MO: Whether they’ve rented outside consultants or hired internal staff, the results have been mixed at best, and disappointing to most. My survey of law firm leaders, and a poll of ALA’s membership, suggests that lawyers still view BD as a “gold star” activity, i.e., kudos to those who do it, but no consequences for those who don’t. Few lawyers view it as a core part of their job.
NG: Firms can’t afford to offer real training and coaching to everyone. How do they choose which lawyers will receive such an investment?
HS: Any dentist will tell you to “floss only those teeth you want to keep.” Likewise, most lawyers require BD training, however, not all warrant coaching. Training is basic and may focus on gaining profile inside a firm so that internal lawyers have an opportunity to learn about their colleagues both professionally and personally.
Coaching is not a casual pursuit, but a tactic best suited to lawyers who are determined to identify and play to their strengths to generate business.
JT: Since we know from experience that a small minority of lawyers achieve success in business development, law firms should identify as soon as possible law students, clerks, summer associates, and laterals with nascent business development talent. A few years ago, an enterprising law firm experimented with a proprietary method of identifying job candidates with the greatest potential for becoming rainmakers. Technological advances in the tools useful in this kind of assessment may soon revolutionize recruiting and hiring.
FW: I’ve always thought that firms have this all wrong; they tend to want to train and coach under-performers as if somehow it will transform them into marketing machines. It simply doesn’t happen. If a firm isn’t going to provide training and coaching to everyone, then it should only provide it to those who have demonstrated both an aptitude for it and a commitment to it.
JS: Fortunately, most lawyers self-select. The third-year associate who shows facility and promise with clients, who comes and asks for help developing business? She’s probably ready for coaching. The lawyer who clearly prefers to shut his office door and work on legal tasks and doesn’t attend after-work functions probably will not have much business development potential.
When all else fails, tell them the truth. It will take 200 hours of business development time per year for three years. That’s three functions a week: lunch with a client, breakfast with a lead, coffee with a referral source.
MO: According to those surveyed, firms tend to use four main selection schemes: 1) Provide training primarily to associates; 2) Provide it to everyone; 3) Provide it to lawyers who request it; 4) Mash-up of many factors, e.g., “potential,” “previous results,” “seniority,” “partner recommendation,” “sales personality.”
NG: What percentage of lawyers who are given training or coaching make good use of it, and what percentage waste it through inaction or inattention?
JS: My experience has been that lawyers who engage in coaching relationships fall into four categories:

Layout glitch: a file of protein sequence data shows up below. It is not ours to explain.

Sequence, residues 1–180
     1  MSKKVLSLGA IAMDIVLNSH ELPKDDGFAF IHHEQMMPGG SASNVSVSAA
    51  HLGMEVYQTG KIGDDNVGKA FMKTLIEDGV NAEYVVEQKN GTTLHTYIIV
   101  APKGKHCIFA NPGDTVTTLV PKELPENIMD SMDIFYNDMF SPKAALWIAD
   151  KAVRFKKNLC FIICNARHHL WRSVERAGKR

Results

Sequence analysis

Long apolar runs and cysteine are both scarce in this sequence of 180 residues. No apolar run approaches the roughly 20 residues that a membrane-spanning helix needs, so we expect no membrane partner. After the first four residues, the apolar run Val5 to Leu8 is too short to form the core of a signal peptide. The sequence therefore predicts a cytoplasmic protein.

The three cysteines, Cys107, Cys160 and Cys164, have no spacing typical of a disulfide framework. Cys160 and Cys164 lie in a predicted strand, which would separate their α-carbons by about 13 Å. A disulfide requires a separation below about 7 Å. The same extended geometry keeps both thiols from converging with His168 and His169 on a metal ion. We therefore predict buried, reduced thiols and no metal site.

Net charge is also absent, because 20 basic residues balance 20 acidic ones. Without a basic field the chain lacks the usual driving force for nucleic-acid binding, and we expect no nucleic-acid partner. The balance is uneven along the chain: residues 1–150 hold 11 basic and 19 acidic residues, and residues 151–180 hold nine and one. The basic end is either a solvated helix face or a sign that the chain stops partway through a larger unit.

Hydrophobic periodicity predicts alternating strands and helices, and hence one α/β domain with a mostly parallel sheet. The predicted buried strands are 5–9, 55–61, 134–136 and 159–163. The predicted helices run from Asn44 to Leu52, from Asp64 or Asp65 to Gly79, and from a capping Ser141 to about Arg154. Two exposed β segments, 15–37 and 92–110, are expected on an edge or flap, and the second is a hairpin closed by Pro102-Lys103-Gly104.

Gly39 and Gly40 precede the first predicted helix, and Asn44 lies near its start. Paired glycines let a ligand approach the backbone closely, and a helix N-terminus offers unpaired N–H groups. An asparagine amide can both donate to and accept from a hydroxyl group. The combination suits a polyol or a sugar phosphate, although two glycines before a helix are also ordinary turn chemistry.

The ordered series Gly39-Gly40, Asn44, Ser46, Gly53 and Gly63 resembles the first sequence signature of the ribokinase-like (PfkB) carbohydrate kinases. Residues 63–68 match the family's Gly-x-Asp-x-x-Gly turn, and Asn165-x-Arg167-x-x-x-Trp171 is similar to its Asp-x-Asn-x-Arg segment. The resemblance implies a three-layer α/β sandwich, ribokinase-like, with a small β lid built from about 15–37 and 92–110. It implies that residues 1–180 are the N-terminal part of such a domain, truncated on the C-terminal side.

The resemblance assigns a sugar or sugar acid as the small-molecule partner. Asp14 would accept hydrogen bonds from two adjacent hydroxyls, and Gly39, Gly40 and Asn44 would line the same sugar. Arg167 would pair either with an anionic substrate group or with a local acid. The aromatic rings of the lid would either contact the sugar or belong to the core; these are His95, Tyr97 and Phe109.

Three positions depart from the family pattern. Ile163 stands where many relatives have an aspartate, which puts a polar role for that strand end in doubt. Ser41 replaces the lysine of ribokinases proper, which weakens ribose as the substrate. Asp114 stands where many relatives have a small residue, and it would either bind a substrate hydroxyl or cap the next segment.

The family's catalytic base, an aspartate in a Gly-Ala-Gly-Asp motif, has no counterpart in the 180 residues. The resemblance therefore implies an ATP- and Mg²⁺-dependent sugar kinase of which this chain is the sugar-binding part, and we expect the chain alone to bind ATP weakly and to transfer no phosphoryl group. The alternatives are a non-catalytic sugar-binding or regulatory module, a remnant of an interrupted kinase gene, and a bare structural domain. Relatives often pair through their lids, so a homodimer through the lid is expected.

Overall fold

- Some improve moderately, usually by one standard deviation; e.g., a mediocre business developer becomes good, a good one becomes great, etc.
- Some become star rainmakers
- Some do well as long as they have a coach, then once the coach is out of the picture, they regress
- The smallest group doesn’t improve at all
JT: Sales training and coaching are ineffective with a large majority of today’s lawyers because the majority have no interest in the skills useful in business development. As the profession changes, however, upcoming generations should be more attuned—and more amenable—to nurturing this skill set. The legal profession is notoriously slow to change in response to changing conditions, and the reasons are legion. A paradigm shift may be the only way that lawyers and law firms can shed the burdens of inaction and inattention.
HS: In my liberal estimate, the use/waste split might be around 20/80. This is why I coach only lawyers or teams who will be or are currently in a change situation or state of flux.
FW: I don’t have a good answer to this. My gut tells me that most waste it.
MO: Waste estimates in my survey ranged from 22% to 90%, with a huge concentration at 80%. Surprisingly, a quarter of those polled couldn’t even venture a guess about the degree of waste. When we looked at who’s wasting the coaching and compared it to how participants were chosen, the surprise was that the lawyers who requested training and coaching had the highest waste percentage, at 79%. I was also surprised that almost half (48%) of Associates wasted BD training.
NG: Why do you think lawyers waste BD training and coaching?
HS: Training and coaching are about change. Change can be daunting, since doing nothing is usually easier than doing something. Waste can happen when training and coaching are considered a nice-to-have rather than a necessity. Interruptions due to matter deadlines are sometimes real, but often are excuses to escape having to change.